Monday, March 09, 2015

Two Different Treasure Chests

The response to my earlier article, “How the Traditional Latin Mass Fosters More Active Participation than the Ordinary Form,” was overwhelming, in a way that took me by surprise. It was viewed by a record number of readers and received dozens of comments to the effect of: “This article has exactly expressed what I’ve experienced.” The central claim, namely, that the TLM offers greater opportunity for active participation, interiorly and externally, was clearly one that resonated with many Catholics.

At root, I was striving to articulate something I’ve seen after 25 years of frequently attending both forms and doing my best to participate in each—namely, that I can yield myself more completely to, and derive more fruit from, the traditional Mass. I think the reasons for this are many and varied, but it isn’t merely a set of subjective reasons. There is more in the liturgy itself to connect to and be enriched by. As Cardinal Burke put it rather bluntly in an interview with Una Voce Austria this past summer: “[T]he difference between the two forms is very stark. The rich articulation of the Extraordinary Form, all of which is always pointing to the theocentric nature of the liturgy, is practically diminished to the lowest possible degree in the Ordinary Form.”

The tiara of Pope Pius IX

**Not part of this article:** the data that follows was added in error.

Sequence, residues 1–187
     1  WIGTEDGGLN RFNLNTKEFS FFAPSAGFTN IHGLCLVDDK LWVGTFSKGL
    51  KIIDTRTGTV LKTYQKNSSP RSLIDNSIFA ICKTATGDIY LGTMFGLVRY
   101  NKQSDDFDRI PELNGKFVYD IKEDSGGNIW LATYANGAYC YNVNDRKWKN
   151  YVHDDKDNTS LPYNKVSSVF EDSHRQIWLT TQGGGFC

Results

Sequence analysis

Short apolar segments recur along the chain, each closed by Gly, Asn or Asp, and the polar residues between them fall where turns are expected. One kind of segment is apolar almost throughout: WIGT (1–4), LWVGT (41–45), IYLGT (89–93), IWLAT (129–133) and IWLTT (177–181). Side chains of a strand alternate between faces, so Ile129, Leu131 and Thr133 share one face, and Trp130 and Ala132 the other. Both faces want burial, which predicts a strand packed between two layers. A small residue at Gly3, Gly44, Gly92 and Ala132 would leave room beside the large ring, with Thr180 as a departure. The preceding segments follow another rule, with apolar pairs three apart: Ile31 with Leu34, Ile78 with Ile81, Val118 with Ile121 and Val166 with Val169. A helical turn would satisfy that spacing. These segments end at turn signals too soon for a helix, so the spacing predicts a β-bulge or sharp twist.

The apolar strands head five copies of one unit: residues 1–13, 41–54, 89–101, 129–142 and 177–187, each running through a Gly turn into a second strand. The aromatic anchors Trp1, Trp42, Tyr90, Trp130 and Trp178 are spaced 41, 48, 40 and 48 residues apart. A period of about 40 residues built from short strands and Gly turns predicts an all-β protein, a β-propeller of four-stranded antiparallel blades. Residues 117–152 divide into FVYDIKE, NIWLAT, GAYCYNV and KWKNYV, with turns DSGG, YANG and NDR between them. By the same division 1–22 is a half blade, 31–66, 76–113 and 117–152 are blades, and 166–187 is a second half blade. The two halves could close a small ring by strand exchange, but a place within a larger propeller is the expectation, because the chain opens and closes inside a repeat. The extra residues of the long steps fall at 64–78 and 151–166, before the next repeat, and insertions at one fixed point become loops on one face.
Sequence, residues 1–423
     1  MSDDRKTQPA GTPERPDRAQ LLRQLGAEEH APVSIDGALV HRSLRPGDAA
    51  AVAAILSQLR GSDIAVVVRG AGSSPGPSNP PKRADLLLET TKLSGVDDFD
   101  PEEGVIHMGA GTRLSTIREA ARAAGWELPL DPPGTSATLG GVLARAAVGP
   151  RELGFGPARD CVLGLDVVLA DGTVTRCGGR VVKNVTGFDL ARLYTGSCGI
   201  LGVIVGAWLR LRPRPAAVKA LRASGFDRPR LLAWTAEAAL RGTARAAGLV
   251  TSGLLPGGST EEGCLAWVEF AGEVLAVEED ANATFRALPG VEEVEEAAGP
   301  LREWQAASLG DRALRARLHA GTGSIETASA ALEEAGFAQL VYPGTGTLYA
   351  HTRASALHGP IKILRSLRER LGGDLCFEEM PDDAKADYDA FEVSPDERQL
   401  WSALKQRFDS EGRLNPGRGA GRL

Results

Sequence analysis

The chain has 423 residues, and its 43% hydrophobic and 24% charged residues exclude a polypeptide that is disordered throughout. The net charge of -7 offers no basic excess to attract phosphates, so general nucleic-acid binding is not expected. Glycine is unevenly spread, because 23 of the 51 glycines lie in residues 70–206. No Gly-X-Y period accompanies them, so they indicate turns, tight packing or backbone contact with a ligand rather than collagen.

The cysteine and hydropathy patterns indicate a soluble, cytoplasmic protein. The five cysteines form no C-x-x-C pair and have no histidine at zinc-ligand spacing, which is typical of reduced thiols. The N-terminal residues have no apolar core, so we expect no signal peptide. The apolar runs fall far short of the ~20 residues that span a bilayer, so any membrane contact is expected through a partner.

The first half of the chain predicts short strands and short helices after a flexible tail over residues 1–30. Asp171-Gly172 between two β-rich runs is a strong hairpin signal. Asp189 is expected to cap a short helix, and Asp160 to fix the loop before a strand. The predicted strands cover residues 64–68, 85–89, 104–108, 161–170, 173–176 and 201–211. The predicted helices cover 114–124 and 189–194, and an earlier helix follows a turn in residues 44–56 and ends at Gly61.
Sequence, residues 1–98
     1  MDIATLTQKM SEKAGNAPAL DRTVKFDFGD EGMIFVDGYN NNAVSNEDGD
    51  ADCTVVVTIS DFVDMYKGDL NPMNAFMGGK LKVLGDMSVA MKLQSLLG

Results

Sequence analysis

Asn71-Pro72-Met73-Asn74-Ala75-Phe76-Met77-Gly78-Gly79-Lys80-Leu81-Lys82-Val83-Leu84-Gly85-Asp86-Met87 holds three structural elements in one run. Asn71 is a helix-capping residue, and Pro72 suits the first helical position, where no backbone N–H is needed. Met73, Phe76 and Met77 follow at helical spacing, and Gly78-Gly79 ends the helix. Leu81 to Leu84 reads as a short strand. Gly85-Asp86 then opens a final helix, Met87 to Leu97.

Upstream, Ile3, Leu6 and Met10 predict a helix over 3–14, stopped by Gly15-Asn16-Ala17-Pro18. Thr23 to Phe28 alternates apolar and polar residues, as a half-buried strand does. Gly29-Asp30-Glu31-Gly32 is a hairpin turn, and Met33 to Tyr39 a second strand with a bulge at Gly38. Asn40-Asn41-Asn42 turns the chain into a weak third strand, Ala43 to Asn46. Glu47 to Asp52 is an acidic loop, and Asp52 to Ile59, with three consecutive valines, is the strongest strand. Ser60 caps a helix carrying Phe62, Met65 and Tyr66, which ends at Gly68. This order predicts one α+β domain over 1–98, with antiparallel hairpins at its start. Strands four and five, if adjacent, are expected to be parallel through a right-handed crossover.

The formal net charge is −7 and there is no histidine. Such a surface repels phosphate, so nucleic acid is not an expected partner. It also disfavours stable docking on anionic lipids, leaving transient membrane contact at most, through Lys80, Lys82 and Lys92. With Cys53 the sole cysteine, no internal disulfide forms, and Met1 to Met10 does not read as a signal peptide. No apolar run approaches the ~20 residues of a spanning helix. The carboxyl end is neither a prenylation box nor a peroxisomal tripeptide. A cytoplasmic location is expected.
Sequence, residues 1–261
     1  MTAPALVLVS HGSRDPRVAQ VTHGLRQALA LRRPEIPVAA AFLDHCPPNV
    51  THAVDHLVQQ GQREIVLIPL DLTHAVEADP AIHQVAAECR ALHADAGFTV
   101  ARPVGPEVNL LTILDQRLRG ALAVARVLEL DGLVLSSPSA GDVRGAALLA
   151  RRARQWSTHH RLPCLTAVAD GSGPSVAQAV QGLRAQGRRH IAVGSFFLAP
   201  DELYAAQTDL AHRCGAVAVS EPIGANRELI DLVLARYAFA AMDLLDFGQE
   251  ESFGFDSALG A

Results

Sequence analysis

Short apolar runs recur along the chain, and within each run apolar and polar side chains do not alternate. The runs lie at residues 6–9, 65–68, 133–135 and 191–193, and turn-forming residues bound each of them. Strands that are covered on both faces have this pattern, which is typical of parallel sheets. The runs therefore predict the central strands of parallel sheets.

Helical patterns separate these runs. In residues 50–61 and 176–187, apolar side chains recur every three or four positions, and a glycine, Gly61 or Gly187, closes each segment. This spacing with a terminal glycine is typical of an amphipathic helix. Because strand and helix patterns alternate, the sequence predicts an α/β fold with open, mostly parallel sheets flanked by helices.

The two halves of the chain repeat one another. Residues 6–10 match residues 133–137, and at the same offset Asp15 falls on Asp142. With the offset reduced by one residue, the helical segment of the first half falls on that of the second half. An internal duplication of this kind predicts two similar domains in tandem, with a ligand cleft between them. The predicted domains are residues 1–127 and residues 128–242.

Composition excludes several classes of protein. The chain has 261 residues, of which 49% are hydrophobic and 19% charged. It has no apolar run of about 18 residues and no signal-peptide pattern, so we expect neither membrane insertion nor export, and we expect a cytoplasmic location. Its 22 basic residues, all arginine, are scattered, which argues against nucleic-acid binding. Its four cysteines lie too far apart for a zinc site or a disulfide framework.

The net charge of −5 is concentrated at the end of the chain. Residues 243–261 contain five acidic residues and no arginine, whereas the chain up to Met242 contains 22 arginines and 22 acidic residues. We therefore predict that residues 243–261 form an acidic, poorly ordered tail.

One might compare it to two different treasure chests. If both forms of the Mass, containing the Blessed Sacrament within their confines, can be compared to the ark of the covenant, nevertheless the OF is like a sleeker, more modern, smaller treasure chest that is less ornamented and offers a less jewel-encrusted setting for the Sacrament, while the EF is a capacious old treasure chest with the riches of many centuries deposited in it. At first acquaintance, some may even find it oppressively and randomly adorned, but this reaction tends to go away as one understands better the meaning and beauty of the contents. I am reminded of the difference between the old papal tiaras and the space-age tiara gifted to Paul VI. The contrast between them is quite like the contrast between the forms.

To this extent, therefore, the classical Roman Rite, as such, offers more to actively participate in—and the main reason it doesn’t strike people this way is that they haven’t yet been able to access those riches. This could be the result of many factors: simple lack of opportunity; poor catechesis; misconceptions of the “preconciliar Mass”; a lack of general intellectual culture; being turned off by cranky traditionalists. Nor can we exclude indifference to the unknown, hesitation before the unfamiliar, and laziness before the demanding. Conversely, when people who are striving to be devout Catholics and to plumb the depths of the Church’s liturgy discover in the usus antiquior a liberating, exciting, even revelatory experience of worship, we couldn’t really say that this is very surprising; after all, this is the liturgy that nourished saints, theologians, and mystics for many centuries.

The tiara of Pope Paul VI
This being said, the ex opere operantis dimension enters in, of course: a faithful and prayerful Catholic who gives everything he’s got to the Mass can subjectively derive more fruits from a Novus Ordo Mass than a distracted person who’s attending a traditional Mass but daydreaming about baseball or politics at the office. A person’s holiness can make up for any number of external defects or deficiencies. We know about the saints who celebrated Mass in prison cells with a thimble of wine and a crust of bread. We also know about corrupt princes and prelates who celebrated Solemn High Masses with great majesty.